Plaintiffs' Motion states that the Company fell into arrears on its settlement payments in January 2013. After Plaintiffs notified Company of the default, the Company made some additional payments, but did not cure the default. Plaintiffs have not received an installment payment from the Company since October 4, 2013. Pursuant to the terms of the settlement agreement, notices of default were transmitted to the Company six times between January 2013 and December 2013. Each notice allows the Company ten days to cure the default from the date the notice is received. Because more than ten days have elapsed from the Company's receipt of the notices and the Company has not yet cured the default, Plaintiffs are entitled to the entry of the Consent Order and Judgment under the terms of the settlement agreement.

Because the Court's order dismissing this case without prejudice specifically stated that case was subject to reinstatement under the terms of the settlement agreement, reinstatement of this action would not be in contravention of the principles of Kokkonen. In addition, because the settlement agreement expressly contemplated that this action would be reinstated for the entry of the Consent Order and Judgment if the Company defaulted, reinstatement of this action would be in the interests of justice, as required by Rule 60(b)(6). I note that Plaintiffs' Motion was filed in January 2014, less than four months from the date that the Company last submitted a payment, which I find to be timely under Rule 60(c).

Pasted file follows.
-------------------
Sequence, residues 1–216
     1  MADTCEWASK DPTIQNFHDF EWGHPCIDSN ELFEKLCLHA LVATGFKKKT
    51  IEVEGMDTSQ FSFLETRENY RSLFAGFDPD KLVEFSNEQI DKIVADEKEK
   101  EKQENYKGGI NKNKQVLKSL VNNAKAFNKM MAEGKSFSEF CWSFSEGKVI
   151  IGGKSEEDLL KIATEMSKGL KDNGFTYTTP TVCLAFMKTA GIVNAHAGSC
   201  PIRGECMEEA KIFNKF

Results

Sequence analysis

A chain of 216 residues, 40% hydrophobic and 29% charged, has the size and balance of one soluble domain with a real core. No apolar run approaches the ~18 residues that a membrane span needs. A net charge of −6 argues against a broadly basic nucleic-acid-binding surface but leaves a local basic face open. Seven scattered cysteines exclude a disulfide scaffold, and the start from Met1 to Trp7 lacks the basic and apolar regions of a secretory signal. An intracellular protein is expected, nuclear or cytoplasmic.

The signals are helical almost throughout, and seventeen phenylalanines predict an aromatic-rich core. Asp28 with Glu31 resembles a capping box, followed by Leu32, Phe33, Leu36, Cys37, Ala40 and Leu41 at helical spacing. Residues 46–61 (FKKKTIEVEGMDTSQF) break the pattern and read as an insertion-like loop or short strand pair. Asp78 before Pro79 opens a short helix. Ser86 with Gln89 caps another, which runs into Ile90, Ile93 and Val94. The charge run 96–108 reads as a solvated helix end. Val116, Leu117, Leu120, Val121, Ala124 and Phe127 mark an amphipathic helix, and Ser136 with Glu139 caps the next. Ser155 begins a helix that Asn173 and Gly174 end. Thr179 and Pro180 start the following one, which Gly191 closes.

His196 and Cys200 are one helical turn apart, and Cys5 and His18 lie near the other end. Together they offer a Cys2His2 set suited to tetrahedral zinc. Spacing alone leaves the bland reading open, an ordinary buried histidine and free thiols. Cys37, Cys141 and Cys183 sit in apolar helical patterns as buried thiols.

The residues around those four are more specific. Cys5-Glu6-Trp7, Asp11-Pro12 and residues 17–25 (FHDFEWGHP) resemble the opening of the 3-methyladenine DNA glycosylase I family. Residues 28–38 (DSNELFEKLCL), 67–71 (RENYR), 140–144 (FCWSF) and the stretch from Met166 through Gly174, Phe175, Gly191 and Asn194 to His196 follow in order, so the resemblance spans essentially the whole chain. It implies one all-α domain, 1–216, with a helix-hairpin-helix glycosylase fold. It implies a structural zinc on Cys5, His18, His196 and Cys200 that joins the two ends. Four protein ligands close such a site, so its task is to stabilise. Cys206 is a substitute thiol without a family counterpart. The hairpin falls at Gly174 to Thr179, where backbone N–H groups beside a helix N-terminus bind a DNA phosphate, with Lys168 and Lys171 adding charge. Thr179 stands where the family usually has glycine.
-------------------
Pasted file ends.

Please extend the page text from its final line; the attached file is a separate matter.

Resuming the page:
D. Calculation of Judgment Amount

As explained more fully below, I recommend that the Court enter judgment in the amount of $228, 152.31 against the Company. This amount takes into account the $264, 458.90 in payments made by the Company, the $25, 569.11 in interest that accumulated on the unpaid settlement sum, and attorney's fees and costs in the amount of $17, 042.10.

1. Balance of Settlement Sum and Interest

The parties agreed in the settlement agreement that the Company would pay $450, 000.00 to Plaintiffs (the "settlement sum"), and in the event of an uncured default, interest at the rate of four percent annually, in addition to reasonable attorneys' fees and costs incurred to collect the settlement sum and enforce the settlement agreement. (ECF No. 26-4). Plaintiffs state that, to date, the Company has made payments that amount to $264, 458.90. This amount must be subtracted from the judgment against the Company in accordance with the settlement agreement and paragraph 2 of the Consent Order and Judgment (ECF No. 26-4 at 13). This leaves a balance of $185, 541.10 of the settlement sum due. Pursuant to the terms of the settlement agreement, the Company is responsible for interest at the rate of four percent annually on the balance due from October 7, 2010 to January 20, 2014, which results in $25, 569.11 in interest. ( See ECF Nos. 26-4 at 10, 26-1 at 3 & 26-6).

2. Attorney's Fees and Costs

The company is required to pay Plaintiffs' reasonable attorney's fees and costs under the terms of the settlement agreement and the Consent Order and Judgment. (ECF No. 26-4 at 6, 14). The Fourth Circuit has stated that in determining the reasonableness of attorney's fees, a court's